I do not condone suicide. I will not justify Hannah’s actions. Were her problems too much for her to handle? Maybe. Even so, I believe that every problem has a solution. The solution may not be easy, it might even seem impossible, but there is always a solution. Suicide is never the answer. If such thoughts enter your mind, seek help. There’s no shame in admitting it. Find your solution because if suicide is your answer, you have not found it.

All in all, 13 Reasons Why is a must-read. It might be a dark-themed story but it reflects real-life. It’s close to reality as it can happen to anyone, anyone we know and if this book can make us want to be a better person just so we can help prevent other people from falling into the same fate as Hannah Baker, then this book has done its job well.

NinthMelody rating: 8.75/10

[BOOK] A Thousand Pieces of You.

9780062278968I’ll be honest. I “judged a book by its cover” and that’s how I came to read this book by Claudia Gray, the first book in the Firebird series, “A Thousand Pieces of You.” I don’t think anyone can deny the beauty of the cover but does the story live up to its cover art?

Here’s the synopsis of the book from Goodreads:

Cloud Atlas meets Orphan Black in this epic dimension-bending trilogy by New York Times bestselling author Claudia Gray about a girl who must chase her father’s killer through multiple dimensions.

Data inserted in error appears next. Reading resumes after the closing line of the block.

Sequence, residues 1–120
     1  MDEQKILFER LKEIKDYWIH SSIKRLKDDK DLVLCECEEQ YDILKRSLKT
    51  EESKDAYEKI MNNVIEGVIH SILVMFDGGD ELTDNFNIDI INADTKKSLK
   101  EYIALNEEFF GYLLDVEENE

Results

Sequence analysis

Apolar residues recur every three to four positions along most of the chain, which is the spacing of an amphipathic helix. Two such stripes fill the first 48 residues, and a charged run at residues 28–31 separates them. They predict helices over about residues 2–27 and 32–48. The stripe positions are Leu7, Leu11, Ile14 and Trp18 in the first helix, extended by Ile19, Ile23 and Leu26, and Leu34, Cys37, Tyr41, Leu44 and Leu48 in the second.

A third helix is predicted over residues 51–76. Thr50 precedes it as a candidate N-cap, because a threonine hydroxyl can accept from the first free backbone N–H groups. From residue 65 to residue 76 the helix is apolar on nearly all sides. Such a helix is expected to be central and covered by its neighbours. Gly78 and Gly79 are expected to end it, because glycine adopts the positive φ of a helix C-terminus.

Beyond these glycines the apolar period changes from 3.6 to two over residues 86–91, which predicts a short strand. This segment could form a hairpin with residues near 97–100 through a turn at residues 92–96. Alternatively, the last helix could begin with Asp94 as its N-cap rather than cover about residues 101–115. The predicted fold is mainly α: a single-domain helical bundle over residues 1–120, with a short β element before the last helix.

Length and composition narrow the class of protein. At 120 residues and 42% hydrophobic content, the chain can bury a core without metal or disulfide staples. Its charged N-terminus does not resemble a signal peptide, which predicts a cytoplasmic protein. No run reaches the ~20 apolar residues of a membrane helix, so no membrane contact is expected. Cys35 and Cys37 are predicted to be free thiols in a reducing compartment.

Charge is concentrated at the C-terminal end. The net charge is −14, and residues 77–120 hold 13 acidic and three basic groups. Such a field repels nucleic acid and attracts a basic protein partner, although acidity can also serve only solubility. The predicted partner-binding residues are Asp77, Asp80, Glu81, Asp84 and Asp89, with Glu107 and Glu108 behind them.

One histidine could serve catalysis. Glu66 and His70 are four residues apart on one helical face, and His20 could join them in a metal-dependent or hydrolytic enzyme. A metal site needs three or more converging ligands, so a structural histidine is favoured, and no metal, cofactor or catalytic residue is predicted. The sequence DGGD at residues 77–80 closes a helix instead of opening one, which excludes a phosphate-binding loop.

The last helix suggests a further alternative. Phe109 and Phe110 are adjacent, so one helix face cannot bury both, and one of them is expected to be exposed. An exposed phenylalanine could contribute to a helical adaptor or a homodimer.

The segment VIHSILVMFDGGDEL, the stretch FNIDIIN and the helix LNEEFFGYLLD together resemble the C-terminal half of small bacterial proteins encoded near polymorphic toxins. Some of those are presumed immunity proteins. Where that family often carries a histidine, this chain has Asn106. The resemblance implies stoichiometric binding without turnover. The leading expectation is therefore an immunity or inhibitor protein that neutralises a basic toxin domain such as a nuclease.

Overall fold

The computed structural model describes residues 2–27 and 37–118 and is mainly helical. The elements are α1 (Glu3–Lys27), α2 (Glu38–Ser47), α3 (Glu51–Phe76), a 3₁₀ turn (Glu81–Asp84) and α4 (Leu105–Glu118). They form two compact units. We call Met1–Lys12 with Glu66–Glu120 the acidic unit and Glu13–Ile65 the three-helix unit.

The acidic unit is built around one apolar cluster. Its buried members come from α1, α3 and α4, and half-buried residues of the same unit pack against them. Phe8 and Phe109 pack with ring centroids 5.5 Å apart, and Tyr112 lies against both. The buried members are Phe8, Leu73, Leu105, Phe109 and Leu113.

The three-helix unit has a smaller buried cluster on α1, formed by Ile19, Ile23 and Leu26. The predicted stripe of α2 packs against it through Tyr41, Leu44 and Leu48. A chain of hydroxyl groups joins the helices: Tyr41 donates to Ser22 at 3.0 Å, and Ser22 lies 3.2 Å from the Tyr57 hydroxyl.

Marguerite Caine’s physicist parents are known for their groundbreaking achievements. Their most astonishing invention, called the Firebird, allows users to jump into multiple universes—and promises to revolutionize science forever. But then Marguerite’s father is murdered, and the killer—her parent’s handsome, enigmatic assistant Paul— escapes into another dimension before the law can touch him.

Marguerite refuses to let the man who destroyed her family go free. So she races after Paul through different universes, always leaping into another version of herself. But she also meets alternate versions of the people she knows—including Paul, whose life entangles with hers in increasingly familiar ways. Before long she begins to question Paul’s guilt—as well as her own heart. And soon she discovers the truth behind her father’s death is far more sinister than she expected.